Ultimately, it handled produce from 140 dairies spread across the whole of Jutland.
After the Second World War, the town developed several agricultural industries, especially meat processing and packaging with a plant employing over 300.
The slaughterhouse and meat packaging facility, Esbjerg Andels-Slagteri, established in 1887, became Denmark's sixth largest by 1962.
It was later extended to include egg marketing under the name Dansk Andels Ægeksport.Once Denmark's principal fishing port, the Port of Esbjerg is still a driving force for the town's economy.While it has a long history of ferry services to England, the town is by no means a tourist destination.Initial planning of the town was conducted by chartered surveyor H.Wilkens in 1870 with streets laid out in the form of a rectangular grid.
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Esbjerg is served by Esbjerg Airport with flights to Aberdeen, Scotland and Stavanger, Norway.The town has several notable museums and entertainment venues, including Esbjerg Art Museum, Esbjerg Museum and the privately owned Fisheries and Maritime Museum.It is home to the Danish football club Esbjerg f B, who play their home matches at Blue Water Arena, and also has an ice hockey division called Esbjerg Elite Ishockey, which plays at the Granly Hockey Arena. which had previously been Denmark's most important North Sea port but came under German control after the Second Schleswig War in 1864.) is a seaport town and seat of Esbjerg Municipality on the west coast of the Jutland peninsula in southwest Denmark.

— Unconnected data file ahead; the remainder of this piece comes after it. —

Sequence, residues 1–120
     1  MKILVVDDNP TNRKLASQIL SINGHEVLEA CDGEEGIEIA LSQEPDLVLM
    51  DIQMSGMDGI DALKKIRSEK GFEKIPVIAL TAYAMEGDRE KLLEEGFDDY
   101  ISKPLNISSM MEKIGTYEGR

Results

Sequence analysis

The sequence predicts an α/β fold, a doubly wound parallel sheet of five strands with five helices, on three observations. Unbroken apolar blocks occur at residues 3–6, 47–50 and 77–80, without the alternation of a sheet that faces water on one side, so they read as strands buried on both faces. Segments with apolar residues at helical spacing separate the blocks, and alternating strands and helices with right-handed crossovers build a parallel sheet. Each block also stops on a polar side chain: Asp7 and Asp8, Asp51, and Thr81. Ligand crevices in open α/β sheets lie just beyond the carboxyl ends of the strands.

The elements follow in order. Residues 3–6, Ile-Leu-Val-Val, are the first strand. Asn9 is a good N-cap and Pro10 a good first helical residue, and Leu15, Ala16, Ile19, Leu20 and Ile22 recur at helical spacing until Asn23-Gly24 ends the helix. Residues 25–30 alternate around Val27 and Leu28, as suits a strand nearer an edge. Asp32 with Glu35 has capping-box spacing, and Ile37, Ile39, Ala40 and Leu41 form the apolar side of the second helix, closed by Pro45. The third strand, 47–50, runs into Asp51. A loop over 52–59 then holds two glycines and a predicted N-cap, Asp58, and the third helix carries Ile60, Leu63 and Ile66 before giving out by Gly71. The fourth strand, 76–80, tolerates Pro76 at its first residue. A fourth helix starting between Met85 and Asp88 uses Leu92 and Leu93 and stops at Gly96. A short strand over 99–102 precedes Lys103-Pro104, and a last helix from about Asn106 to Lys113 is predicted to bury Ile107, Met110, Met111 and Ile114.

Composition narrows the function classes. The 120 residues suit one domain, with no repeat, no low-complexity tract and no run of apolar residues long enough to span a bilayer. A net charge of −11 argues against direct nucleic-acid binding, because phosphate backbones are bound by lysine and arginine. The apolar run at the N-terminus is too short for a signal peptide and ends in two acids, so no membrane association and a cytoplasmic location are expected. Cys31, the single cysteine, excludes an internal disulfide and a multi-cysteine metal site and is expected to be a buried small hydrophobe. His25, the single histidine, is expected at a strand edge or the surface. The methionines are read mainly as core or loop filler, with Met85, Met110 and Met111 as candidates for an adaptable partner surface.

By road, it is 71 kilometres (44 mi) west of Kolding and 164 kilometres (102 mi) southwest of Aarhus.The market square (Torvet) was positioned at the centre, midway between the harbour and the railway station.In 1893, Esbjerg became a municipality in its own right (initially known as Esbjerg Ladeplads), receiving the status and privileges of a market town in 1899 and incorporating the parish of Jerne (east of the centre) in 1945.The Esbjerg Performing Arts Centre was completed in 1997 to designs by Jan and Jørn Utzon.When approached by sea, the Man Meets the Sea is one of the prominent monuments, consisting of four 9-metre-tall (27 feet) white-coloured men, overlooking Sædding Beach.